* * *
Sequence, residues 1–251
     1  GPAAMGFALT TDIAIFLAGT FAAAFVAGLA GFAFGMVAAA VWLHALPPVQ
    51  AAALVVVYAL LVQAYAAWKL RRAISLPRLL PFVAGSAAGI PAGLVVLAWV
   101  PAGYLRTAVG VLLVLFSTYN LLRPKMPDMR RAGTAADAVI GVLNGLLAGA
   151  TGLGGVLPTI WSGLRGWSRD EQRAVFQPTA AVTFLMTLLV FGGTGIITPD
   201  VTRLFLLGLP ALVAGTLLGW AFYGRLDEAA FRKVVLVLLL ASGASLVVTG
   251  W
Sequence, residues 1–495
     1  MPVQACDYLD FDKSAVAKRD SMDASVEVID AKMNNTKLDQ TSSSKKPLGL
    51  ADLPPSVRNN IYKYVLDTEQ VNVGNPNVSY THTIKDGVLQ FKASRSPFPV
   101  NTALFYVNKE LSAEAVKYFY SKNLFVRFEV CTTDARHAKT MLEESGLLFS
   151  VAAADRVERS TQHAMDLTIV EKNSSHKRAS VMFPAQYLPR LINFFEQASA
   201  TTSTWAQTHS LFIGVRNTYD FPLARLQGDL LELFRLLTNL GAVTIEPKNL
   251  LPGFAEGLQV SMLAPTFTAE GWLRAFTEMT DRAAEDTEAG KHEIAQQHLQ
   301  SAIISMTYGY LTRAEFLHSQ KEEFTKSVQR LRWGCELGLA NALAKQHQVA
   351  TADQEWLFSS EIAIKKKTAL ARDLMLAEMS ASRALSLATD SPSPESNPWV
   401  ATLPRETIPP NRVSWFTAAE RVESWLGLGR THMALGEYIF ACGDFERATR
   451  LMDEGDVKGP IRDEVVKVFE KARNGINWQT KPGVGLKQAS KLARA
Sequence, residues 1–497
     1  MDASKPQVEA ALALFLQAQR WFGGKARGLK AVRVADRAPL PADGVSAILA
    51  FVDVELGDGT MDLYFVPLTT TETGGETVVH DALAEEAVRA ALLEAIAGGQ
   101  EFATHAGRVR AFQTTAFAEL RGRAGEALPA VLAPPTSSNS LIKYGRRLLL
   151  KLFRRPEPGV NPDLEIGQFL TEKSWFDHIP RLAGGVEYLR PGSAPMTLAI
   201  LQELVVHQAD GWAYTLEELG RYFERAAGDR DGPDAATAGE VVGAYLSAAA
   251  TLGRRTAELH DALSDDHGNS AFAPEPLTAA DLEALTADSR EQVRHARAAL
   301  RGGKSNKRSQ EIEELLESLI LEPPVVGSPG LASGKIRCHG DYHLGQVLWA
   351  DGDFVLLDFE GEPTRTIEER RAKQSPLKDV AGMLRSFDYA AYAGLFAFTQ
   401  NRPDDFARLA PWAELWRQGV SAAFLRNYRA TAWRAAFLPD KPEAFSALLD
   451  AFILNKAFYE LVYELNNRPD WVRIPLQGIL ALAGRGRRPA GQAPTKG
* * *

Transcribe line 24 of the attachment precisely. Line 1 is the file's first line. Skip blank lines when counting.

   201  LQELVVHQAD GWAYTLEELG RYFERAAGDR DGPDAATAGE VVGAYLSAAA